Painting & Drawing
on Glass

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2006-03-27 Rev. 2008-02-11, 2009-06-19

Painting almost always is done on cold glass which afterward may be fired to various temperatures depending on the material.  Reverse painting on glass is a centuries old traditional craft which does not involve firing, but does require the skill of painting the foreground first and working to the background - glass provides a "canvas" with depth. Sites: A B
Drawing on glass is almost always done with a thin stringer of glass and a torch on a hot glass form that has to be returned to the glory hole periodically although drawing-like images may be created with thin painted lines.


Painting on glass has two major divisions depending whether the paint is heated for setting/firing.  If the paint is not fired, then the paints used are like ordinary sign painting enamels.  The glass may be lightly sanded for grip.  Usually the technique is done by reverse painting to take advantage of the transparency of the glass.  Sometimes it is painted on both sides.  Reverse painting on glass requires that the artist think and work in the reverse of painting on canvas or other opaque materials: The foreground items are painted first then the mid-ground is laid on, then the background is painted over all.  For more information go off to Reverse Glass Painting

There are available some modern paints that are fired at the temperature of a household oven or at about 700F.  I know little about either of these, but they are typically front painted and may be applied by stencil or silk screen as well as brush.  They are normally used for decorative items and are baked to increase durability.  Here are a couple of reference pages USING PAINTS THAT DON'T NEED TO BE FIRED IN A KILN

The first of the truly fired glass painting techniques is the antique stained glass.  Here a silver compound is painted on the glass and when fired the compound chemically bonds with the glass and produces a variously dark image ranging from yellow to dark brown.  Traditionally, this is used to provide details on a piece of glass that is producing the color tone for face or hair or clothing.  Once fired, it can not be removed from the glass although additional stain can be added to darken details further.   This process is rarely done today with richer detailing possible with paints like those below.  People doing stained glass today are normally referring to the assembly of colored glass without additional painted details.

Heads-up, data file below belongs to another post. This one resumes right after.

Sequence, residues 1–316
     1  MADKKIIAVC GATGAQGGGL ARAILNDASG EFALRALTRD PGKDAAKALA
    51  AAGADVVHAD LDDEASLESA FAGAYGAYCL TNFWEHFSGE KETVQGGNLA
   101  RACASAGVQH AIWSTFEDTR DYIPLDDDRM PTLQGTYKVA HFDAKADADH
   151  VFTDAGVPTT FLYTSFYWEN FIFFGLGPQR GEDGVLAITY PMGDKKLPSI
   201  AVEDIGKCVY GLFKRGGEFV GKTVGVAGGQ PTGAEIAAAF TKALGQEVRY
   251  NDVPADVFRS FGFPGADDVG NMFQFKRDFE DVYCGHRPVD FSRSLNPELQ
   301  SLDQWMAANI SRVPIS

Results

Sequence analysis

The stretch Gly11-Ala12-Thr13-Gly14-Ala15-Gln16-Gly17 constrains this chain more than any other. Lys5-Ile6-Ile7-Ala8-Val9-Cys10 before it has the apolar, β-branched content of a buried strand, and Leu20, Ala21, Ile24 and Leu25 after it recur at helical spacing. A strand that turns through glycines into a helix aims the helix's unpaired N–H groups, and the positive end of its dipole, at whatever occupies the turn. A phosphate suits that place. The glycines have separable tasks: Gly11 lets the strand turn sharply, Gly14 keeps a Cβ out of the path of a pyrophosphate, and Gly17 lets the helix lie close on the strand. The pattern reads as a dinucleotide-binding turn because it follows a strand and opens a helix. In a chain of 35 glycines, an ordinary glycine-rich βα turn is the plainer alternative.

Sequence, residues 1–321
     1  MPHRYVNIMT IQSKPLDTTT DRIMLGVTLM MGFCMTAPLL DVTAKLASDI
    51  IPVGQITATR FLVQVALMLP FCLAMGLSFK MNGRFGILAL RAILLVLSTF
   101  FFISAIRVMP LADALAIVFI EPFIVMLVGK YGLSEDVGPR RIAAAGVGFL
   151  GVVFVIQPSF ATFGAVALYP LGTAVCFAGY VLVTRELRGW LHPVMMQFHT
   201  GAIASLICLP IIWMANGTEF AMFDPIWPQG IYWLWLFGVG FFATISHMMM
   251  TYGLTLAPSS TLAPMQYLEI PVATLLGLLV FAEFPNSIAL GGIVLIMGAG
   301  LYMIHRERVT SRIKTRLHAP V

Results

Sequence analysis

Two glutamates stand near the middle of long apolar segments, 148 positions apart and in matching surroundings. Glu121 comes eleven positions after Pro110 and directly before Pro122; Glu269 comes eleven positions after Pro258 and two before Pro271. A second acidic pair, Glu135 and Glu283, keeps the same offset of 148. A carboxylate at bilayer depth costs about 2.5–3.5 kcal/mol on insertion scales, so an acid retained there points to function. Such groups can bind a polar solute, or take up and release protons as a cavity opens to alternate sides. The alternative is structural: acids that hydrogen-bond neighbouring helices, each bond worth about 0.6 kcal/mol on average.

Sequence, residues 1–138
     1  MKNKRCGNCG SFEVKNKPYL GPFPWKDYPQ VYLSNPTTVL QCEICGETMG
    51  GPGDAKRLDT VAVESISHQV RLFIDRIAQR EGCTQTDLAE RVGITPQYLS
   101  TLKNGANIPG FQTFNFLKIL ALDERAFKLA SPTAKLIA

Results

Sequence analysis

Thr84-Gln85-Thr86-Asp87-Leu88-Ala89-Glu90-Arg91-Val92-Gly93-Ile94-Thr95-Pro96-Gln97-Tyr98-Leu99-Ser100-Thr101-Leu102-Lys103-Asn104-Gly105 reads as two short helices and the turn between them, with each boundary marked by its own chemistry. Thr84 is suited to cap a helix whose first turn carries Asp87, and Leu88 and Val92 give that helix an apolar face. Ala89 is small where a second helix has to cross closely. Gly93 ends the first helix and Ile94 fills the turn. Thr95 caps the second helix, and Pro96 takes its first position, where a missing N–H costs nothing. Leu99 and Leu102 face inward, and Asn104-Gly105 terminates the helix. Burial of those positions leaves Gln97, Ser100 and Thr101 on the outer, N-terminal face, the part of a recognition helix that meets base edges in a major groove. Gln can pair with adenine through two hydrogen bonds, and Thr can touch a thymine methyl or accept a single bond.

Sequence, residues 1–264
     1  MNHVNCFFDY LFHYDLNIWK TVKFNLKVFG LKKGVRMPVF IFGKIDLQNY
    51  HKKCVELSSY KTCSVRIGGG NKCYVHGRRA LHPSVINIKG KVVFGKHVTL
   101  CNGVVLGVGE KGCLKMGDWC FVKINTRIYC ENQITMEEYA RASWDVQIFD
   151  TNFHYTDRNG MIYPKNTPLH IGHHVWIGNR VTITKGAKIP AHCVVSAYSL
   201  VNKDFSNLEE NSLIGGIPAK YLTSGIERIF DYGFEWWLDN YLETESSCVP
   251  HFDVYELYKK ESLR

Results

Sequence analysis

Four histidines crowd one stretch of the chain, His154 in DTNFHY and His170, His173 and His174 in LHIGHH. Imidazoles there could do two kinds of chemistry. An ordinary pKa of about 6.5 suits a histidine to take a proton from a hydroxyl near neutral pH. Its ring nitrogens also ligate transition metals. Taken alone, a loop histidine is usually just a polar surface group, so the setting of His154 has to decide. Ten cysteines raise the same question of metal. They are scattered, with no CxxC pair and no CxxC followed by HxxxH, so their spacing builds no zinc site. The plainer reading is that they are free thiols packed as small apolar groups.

Painting on glass in color to be fired is normally done with enamels, which are compounds of colors and components like that of glass, but with more color and fluxes and less silica.  These are similar to copper enameling materials but are formulated to match the expansion of glass.  Many have lead oxide added for more flexibility but like pottery, if these are used on the surface exposed to food or drink, they can't be sold in many places.  Most glass enamels must be fired at high enough temperatures that the glass must be heated to near the annealing point, then flash heated to melt the enamel on the surface without deforming the glass, the temperature then being dropped to the annealing point quickly. 2008-02-11



If drawing is to be done with a fine brush on cold glass, see Painting above. Drawing on glass is a much more complicated process because it involves keeping the glass object hot enough that it does not break without getting it so hot it sags; heating enough to melt the drawing in place without losing the possibly desirable raised effects; and manipulating the glass rod supplying the drawing material and the torch for melting it.  With a proper rig to keep the rod and torch at hand so there is no fumbling and another rig to hold the glass in position without rolling, it might be possible to do it alone, but it is usually done by at least two people, one of whom handles the pipe/punty for stability, location and reheats and the other handling the rod and torch and focusing on the drawing. William Berstein drawing with glass

William Berstein drawing with glass, detailAn example of drawing, in this case with clear glass, by William Bernstein as published in Suzanne Franz book. 2006-03-30

Another example of drawing hot, in this case laying down the trunk and branches of the tree then doing the leaves by touching the melted tip of the cane to the glass and pulling off. Cane used for painting with lines and dabs

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